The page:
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For a while now, I have had the problem that a gzip process randomly starts on my Kubuntu system, uses up quite a bit of resources and causes my notebook fan to go crazy. The process shows up as gzip -c --rsyncable --best in htop and runs for quite a long time. I have no clue what is causing this, the system is a Kubuntu 14.04 and has no backup plan setup or anything like that. Any idea how I can figure out what is causing this the next time the process appears? I have done a bit of googling already but could not figure it out. I saw some suggestions with the ps command but grepping all lines there did not really point to anything.

gzip -c --rsyncable --best

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16  
Please don't post screenshots of text. Just paste the text directly into your answer and use the formatting tools to make it clear. That image is tiny and hard to read and makes the post heavier for no reason. – terdon Jan 24 at 15:49
5  
First idea: logrotate – Jakuje Jan 24 at 18:41
    
@terdon The thumbnail should be clickable now. – Sparhawk Jan 25 at 5:34
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@Sparhawk That doesn't help for copy-paste and searching. – kasperd Jan 25 at 10:40
    
@kasperd I agree (it also doesn't make it "lighter"), but at least we can read it now! – Sparhawk Jan 25 at 10:43
up vote 24 down vote accepted

Process tree

While the process is running try to use ps with the f option to see the process hierarchy:

ps axuf

Then you should get a tree of processes, meaning you should see what the parent process of the gzip is.

If gzip is a direct descendant of init then probably its parent has exited already, as it's very unlikely that init would create the gzip process.

Crontabs

Additionally you should check your crontabs to see whether there's anything creating it. Do sudo crontab -l -u <user> where user is the user of the gzip process you're seeing (in your case that seems to be root).

If you have any other users on that system which might have done stuff like setting up background services, then check their crontabs too. The fact that gzip runs as root doesn't guarantee that the original process that triggered the gzip was running as root as well. You can see a list of all existing crontabs by doing sudo ls /var/spool/cron/crontabs.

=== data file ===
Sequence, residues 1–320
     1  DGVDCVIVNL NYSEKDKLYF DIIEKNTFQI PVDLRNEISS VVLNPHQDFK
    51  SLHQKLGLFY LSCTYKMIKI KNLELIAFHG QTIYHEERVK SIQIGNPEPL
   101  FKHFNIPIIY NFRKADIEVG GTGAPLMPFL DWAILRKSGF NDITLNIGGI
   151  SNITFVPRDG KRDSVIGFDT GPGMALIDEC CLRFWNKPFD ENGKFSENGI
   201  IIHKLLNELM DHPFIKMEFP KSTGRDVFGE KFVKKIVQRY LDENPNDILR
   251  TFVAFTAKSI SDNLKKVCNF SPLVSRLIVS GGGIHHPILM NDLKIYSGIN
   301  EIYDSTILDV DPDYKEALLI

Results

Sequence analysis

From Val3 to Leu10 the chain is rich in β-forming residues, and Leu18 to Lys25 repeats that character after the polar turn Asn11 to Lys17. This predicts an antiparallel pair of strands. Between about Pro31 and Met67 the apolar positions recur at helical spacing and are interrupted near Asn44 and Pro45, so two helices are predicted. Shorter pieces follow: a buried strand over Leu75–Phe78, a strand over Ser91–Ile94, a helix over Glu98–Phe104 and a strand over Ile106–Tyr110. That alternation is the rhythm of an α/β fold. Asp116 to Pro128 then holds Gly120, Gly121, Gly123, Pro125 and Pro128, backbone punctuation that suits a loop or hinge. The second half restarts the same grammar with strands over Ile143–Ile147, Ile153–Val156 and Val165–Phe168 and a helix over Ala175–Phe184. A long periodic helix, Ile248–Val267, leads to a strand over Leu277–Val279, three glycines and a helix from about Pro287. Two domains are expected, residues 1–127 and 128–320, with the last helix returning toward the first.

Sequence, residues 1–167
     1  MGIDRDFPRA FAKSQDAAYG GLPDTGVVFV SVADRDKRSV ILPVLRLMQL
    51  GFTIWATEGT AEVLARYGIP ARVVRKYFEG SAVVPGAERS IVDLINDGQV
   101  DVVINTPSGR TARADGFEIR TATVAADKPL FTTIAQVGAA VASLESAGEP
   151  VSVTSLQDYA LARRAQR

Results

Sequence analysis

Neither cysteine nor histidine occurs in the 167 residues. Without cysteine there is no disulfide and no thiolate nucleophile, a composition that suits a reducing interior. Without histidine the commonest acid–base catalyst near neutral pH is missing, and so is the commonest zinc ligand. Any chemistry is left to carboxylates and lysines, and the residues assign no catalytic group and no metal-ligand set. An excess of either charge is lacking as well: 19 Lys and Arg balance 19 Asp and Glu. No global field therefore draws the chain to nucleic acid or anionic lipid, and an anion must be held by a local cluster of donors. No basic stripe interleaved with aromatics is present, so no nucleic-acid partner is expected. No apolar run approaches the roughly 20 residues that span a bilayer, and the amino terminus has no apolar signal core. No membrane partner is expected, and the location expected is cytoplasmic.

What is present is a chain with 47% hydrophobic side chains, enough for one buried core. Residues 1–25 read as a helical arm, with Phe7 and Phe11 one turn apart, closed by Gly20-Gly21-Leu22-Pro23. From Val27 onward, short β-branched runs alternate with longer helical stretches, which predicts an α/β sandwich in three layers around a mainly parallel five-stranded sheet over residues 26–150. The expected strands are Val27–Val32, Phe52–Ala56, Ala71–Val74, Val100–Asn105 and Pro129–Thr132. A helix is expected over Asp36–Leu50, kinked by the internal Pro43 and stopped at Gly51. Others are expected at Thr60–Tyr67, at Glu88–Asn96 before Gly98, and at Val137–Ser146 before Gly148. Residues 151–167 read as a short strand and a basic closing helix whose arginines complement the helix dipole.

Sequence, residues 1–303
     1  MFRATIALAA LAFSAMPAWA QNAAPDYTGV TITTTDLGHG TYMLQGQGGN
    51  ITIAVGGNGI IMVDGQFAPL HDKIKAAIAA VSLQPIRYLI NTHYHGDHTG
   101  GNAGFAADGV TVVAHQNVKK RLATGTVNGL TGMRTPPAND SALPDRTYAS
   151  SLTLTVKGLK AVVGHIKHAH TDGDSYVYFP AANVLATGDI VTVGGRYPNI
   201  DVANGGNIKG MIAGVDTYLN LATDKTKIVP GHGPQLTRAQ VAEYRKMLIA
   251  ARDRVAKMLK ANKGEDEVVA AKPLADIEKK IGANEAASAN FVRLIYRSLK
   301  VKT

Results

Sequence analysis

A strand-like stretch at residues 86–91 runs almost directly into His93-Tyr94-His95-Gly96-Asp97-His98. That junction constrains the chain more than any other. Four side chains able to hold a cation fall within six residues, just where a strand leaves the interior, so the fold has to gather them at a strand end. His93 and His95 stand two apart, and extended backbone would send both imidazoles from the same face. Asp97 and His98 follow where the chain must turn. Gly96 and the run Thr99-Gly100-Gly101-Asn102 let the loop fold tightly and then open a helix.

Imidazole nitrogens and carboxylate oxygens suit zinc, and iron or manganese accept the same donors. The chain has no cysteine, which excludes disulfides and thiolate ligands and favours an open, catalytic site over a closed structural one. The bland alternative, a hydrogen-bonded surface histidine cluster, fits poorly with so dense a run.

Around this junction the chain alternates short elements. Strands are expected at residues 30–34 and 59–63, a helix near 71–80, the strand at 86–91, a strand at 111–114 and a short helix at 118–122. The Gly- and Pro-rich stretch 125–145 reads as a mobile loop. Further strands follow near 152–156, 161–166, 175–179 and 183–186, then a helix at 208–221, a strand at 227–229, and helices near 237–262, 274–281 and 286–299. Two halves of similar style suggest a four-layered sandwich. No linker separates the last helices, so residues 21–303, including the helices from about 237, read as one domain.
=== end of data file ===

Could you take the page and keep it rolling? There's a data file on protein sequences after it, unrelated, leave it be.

Logs

Check all the systems logs you have, looking for suspicious entries at the time the process is created. I'm not sure whether Kubuntu names its log files differently, but in standard Ubuntu you should at least check /var/log/syslog.

Last choice: a gzip wrapper

If none of these lead to any result you could rename your gzip binary and put a little wrapper in place which launches gzip with the passed parameters but also captures the system's state at that moment.

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11  
+1 for the wrapper idea; capture the parent process tree with $$ – Jeff Schaller Jan 24 at 14:46
    
Thanks, I will give this a shot the next time the "issue" appears again, I'll report back. – ultio Jan 25 at 15:04
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Thanks, I figured it out with your help. The process was actually started by one of the Linux containers (LXC) on my system, which explains why I could not find it initially, as it was managed from within the LXC and not from my host OS. – ultio Feb 2 at 23:10

You should probably focus on what files its working with:

lsof -c gzip

...should give you a pretty good idea and is exactly what htop would do for you if you only pressed l after highlighting the listing in the image in your question. Besides that, htop will also present you with a process tree if you request it by pressing your F5 key, and so you would directly see the process's parentage, if any.

On linux systems:

ps -Fwwp"$((gzip_ppid=$(ps -oppid= -Cgzip)))"
fuser -vau "/proc/$gzip_ppid/fd/"*

...should print a good deal of information about gzip's parent process and its used files as well as other processes also using them.

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Here are a few tricks that can help you figure out what's going on:

  1. Get the offending process's PID:

    $ pgrep -a gzip 
    25267 gzip -c --best file
    

    On my system (where I've launched a big gzip job), that returns the single PID: 25267. You might have more than one so, make sure to choose the right one. The -a flag tells pgrep to print the full command line, that way you can see what exactly is being run.

  2. Get the PID of the process that launched it, the parent PID or PPID and the user responsible:

    $  ps -p 25267 -o user -o pid -o pgid -o args
    USER       PID  PGID COMMAND
    terdon   25267 25266 gzip -c --best file
    

    Now we know that the gzip was launched by terdon via a process whose PID is 25266.

  3. Find out what the parent process is:

    $ ps -p 25266 -o user -o pid -o pgid -o args
    USER       PID  PGID COMMAND
    terdon   25266 25266 /bin/bash /home/terdon/scripts/a.sh
    
  4. Alternatively, investigate the process tree:

    $ pstree -p 25266
    a.sh(25266)───gzip(25267)
    
  5. Find out what directory this is being run from (Linux):

    $ readlink -f /proc/25267/cwd
    /home/terdon/foo
    

So, in my case, it was launched by a shell script, /home/terdon/scripts/a.sh, and is running in /home/terdon/foo. Obviously, all of these details will be different on your system, but these commands should help you figure out what's going on.

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pstree provides a nicely formatted output displaying what spawned what (assuming the parent does not die immediately after spawning the gzip command)

Also check out Is there an easy way to log all commands executed, including command line arguments?

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